The Western Lacustrine Bantu (Nyoro, Toro, Nyankore, Kiga, Haya and Zinza with Sections on the Amba and Konjo): East Central Africa Part XIII, 1st Edition (Paperback) book cover

The Western Lacustrine Bantu (Nyoro, Toro, Nyankore, Kiga, Haya and Zinza with Sections on the Amba and Konjo)

East Central Africa Part XIII, 1st Edition

By Brian K. Taylor

Routledge

158 pages

Purchasing Options:$ = USD
Paperback: 9781138233300
pub: 2019-01-08
$45.00
x
Hardback: 9781138233225
pub: 2017-01-19
Currently out of stock
$155.00
x
eBook (VitalSource) : 9781315309972
pub: 2017-02-10
from $22.50


FREE Standard Shipping!

Description

Routledge is proud to be re-issuing this landmark series in association with the International African Institute. The series, published between 1950 and 1977, brings together a wealth of previously un-co-ordinated material on the ethnic groupings and social conditions of African peoples.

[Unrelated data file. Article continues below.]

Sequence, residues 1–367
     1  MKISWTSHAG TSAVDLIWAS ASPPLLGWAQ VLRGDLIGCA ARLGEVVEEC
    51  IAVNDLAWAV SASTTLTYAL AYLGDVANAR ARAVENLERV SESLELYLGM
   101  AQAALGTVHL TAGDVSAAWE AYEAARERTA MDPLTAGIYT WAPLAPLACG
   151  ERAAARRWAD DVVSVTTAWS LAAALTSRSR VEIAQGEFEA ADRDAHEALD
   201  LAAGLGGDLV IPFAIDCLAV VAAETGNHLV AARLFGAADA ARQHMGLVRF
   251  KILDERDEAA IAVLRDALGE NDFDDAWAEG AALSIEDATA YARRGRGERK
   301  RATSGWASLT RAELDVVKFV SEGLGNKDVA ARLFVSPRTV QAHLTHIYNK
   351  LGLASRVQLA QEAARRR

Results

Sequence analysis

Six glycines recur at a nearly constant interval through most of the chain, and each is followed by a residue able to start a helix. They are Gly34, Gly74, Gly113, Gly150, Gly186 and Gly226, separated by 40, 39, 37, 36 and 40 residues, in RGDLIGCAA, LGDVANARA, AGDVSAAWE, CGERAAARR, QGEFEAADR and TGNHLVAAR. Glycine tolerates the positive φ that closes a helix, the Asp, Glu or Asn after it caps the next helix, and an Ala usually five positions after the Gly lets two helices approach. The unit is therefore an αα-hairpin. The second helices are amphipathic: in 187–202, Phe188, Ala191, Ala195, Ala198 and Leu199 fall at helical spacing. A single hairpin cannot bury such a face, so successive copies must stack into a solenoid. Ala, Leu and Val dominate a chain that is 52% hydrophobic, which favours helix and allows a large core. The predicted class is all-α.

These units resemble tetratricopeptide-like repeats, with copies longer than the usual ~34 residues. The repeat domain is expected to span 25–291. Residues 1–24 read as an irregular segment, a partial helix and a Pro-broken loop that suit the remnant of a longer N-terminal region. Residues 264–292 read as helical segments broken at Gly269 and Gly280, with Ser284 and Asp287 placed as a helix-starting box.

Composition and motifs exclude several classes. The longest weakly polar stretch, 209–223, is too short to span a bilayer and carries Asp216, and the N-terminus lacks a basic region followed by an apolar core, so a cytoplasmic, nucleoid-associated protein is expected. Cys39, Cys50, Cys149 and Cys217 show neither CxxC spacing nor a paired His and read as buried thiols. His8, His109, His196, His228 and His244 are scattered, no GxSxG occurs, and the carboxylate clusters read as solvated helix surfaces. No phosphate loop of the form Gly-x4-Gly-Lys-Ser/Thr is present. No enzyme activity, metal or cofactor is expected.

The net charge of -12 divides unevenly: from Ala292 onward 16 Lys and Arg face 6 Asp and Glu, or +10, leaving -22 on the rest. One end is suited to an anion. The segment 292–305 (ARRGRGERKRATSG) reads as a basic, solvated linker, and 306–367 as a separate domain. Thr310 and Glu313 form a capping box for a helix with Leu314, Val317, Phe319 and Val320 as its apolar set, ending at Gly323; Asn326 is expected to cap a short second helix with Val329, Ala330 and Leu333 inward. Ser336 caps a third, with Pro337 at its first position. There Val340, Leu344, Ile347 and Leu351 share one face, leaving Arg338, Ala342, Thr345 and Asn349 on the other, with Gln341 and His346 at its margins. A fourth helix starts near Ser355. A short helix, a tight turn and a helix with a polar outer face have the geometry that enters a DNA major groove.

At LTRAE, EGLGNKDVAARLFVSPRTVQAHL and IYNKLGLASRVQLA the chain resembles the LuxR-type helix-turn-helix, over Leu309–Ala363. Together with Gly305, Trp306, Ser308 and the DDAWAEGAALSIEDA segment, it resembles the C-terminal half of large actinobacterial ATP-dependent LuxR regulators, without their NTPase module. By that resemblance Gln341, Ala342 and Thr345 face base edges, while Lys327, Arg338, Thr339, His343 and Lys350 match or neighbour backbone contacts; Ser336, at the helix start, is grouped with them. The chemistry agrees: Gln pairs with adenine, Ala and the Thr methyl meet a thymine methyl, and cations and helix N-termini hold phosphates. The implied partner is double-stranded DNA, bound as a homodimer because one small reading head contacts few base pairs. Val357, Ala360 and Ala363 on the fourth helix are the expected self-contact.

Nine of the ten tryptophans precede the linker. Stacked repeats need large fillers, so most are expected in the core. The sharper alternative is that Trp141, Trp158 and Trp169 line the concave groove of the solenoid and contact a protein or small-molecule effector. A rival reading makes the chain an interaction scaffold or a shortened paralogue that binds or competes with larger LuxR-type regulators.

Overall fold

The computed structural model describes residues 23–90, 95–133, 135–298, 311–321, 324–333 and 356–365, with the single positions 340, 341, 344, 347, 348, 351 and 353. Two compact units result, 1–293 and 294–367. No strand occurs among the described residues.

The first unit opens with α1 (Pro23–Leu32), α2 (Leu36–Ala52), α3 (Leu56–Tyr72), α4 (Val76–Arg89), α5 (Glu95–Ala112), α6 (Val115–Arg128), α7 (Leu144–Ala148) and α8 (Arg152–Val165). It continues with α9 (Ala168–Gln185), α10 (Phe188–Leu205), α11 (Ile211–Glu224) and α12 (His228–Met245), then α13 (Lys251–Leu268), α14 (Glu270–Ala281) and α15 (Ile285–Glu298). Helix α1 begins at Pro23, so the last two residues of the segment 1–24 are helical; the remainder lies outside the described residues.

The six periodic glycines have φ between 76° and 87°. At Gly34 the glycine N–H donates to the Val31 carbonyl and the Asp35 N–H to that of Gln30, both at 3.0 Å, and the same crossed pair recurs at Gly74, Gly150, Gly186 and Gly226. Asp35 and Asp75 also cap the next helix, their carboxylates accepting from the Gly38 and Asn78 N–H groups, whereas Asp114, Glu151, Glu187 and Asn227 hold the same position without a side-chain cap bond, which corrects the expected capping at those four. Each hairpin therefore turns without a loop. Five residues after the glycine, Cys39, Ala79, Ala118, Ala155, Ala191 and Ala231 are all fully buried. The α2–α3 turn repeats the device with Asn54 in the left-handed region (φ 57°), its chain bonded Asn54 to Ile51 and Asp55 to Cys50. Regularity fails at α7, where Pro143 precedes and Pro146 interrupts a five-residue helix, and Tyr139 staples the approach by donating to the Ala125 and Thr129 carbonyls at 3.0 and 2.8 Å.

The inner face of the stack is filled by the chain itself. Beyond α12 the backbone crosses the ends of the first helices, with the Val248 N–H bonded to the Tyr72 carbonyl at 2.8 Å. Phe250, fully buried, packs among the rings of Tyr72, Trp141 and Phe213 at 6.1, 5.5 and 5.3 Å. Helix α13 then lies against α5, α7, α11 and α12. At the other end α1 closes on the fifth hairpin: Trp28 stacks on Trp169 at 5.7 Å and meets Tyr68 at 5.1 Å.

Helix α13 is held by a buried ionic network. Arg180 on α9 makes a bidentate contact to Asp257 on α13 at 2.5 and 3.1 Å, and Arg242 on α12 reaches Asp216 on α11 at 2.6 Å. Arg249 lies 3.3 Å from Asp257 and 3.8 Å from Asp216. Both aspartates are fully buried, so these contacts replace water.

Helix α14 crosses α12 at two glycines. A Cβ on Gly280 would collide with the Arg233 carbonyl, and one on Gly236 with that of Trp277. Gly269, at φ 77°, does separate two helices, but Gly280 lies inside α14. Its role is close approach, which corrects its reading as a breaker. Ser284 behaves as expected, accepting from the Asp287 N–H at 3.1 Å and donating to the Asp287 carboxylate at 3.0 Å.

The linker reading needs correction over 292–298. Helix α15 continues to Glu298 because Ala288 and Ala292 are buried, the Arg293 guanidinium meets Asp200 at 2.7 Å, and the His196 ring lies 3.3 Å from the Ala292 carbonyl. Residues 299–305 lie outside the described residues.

Concise, critical and (for its time) accurate, the Ethnographic Survey contains sections as follows:

  • Physical Environment
  • Linguistic Data
  • Demography
  • History & Traditions of Origin
  • Nomenclature
  • Grouping
  • Cultural Features: Religion, Witchcraft, Birth, Initiation, Burial
  • Social & Political Organization: Kinship, Marriage, Inheritance, Slavery, Land Tenure, Warfare & Justice
  • Economy & Trade
  • Domestic Architecture

Each of the 50 volumes will be available to buy individually, and these are organized into regional sub-groups: East Central Africa, North-Eastern Africa, Southern Africa, West Central Africa, Western Africa, and Central Africa Belgian Congo.

The volumes are supplemented with maps, available to view on routledge.com or available as a pdf from the publishers.

Table of Contents

1.The Nyoro 2. The Toro 3. The Amba 4. The Konjo 5. The Nyankore 6. The Kiga 7. The Haya 8. The Zinza

About the Series

Ethnographic Survey of Africa

Learn more…

Subject Categories

BISAC Subject Codes/Headings:
SOC002000
SOCIAL SCIENCE / Anthropology / General
SOC053000
SOCIAL SCIENCE / Regional Studies